Thanks again, outobie, sounds like a good way to go, I'm sure I can find a willing socket to make the sacrifice.
 

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Discussion Starter #6
Okay, latest wrinkle in the insert removal. I used my dremel and have removed almost all of the openings on the end of the tube. However I have a feeling that in the factory assembly process the inserts were put in, the openings were peened, and it appears the ends of the tubes were crimped. I think I may have to have the tubes cut above the inserts and try to remove them from above DSC02462.JPG DSC02463.JPG DSC02465.JPG or cut the tube up the side. Any other suggestions?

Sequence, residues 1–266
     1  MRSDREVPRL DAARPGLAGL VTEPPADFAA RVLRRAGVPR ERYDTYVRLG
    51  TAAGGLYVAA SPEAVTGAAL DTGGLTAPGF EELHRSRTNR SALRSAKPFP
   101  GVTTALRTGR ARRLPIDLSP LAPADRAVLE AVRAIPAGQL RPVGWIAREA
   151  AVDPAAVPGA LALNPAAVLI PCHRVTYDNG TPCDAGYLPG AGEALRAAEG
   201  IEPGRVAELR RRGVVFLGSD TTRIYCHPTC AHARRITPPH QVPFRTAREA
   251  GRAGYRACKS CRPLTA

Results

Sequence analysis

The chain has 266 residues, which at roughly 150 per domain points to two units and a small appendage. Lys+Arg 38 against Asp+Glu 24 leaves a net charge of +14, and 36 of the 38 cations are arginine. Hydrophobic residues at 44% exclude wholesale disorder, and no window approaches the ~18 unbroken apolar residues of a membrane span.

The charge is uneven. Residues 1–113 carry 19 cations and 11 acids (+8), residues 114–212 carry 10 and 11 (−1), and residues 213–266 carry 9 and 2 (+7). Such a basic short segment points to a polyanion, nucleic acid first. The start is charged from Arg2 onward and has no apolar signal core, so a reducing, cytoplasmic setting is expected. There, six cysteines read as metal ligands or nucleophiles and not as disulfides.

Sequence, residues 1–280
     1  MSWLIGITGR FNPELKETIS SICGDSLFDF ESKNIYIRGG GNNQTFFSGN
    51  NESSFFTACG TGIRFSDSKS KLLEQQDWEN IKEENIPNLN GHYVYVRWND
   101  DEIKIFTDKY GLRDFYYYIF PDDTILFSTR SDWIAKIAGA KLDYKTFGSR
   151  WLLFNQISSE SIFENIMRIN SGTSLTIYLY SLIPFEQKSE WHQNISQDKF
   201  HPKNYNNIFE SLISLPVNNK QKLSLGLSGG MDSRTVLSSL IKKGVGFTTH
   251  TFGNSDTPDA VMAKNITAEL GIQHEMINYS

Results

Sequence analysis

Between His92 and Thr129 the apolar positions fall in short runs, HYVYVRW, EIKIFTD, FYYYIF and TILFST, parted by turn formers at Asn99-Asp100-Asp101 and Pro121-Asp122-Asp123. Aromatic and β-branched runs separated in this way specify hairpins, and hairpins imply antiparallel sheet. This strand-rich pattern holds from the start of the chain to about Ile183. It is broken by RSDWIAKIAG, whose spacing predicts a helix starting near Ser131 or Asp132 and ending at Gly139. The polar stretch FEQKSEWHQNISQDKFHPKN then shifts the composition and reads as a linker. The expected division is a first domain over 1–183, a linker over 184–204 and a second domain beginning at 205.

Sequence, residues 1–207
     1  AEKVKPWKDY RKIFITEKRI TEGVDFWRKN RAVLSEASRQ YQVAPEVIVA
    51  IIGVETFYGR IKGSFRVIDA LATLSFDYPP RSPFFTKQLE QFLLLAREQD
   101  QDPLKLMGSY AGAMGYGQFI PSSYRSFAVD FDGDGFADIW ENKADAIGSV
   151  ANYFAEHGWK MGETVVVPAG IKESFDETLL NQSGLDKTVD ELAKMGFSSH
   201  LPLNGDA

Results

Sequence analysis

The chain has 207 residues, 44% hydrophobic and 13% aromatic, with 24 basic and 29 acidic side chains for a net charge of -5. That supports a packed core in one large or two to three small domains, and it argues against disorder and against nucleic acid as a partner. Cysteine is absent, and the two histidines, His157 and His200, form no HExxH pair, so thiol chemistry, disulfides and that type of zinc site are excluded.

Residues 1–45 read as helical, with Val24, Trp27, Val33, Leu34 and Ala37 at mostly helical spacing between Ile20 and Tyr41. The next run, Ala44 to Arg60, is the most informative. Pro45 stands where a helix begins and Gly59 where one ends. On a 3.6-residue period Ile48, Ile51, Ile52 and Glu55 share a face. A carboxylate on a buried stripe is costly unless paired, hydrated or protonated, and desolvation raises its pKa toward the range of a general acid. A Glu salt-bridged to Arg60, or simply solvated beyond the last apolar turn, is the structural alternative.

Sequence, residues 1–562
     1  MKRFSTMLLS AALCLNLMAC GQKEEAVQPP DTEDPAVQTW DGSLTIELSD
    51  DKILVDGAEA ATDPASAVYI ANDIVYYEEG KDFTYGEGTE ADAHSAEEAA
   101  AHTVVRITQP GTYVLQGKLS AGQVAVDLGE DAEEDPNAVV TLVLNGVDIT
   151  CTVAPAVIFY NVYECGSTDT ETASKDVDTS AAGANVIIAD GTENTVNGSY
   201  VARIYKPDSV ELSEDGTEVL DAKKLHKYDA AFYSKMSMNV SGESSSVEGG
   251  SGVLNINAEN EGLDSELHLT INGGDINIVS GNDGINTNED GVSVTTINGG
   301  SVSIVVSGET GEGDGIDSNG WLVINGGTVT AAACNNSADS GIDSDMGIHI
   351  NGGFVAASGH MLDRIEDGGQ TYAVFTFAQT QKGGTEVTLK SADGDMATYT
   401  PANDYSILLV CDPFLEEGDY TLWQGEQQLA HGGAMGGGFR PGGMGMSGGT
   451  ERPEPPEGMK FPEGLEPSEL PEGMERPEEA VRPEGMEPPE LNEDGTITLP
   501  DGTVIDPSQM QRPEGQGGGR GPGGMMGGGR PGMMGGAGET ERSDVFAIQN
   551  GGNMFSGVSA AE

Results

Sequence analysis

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You could always take tube to bench grinder and remove the lip
 

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I doubt they were crimped. That just looks like a chamfer or bevel on the outside of the tube. More likely, the inserts are just in there very tight. I had a similar situation when I replaced the fork tubes on my Triumph. I gave up and took them to a shop. They laughed and had the small pieces off in less than two minutes (mine threaded onto the outside of the tube). The way they did it was to clamp the old tube in the jaws of their lathe to get a good grip on it. They had a tool like the socket that outobie recommended, and used it on a rattle gun (air impact wrench). One quick burp did the job. I told them that since they had done such a good job, they were welcome to install the pieces in the new tubes, which they did.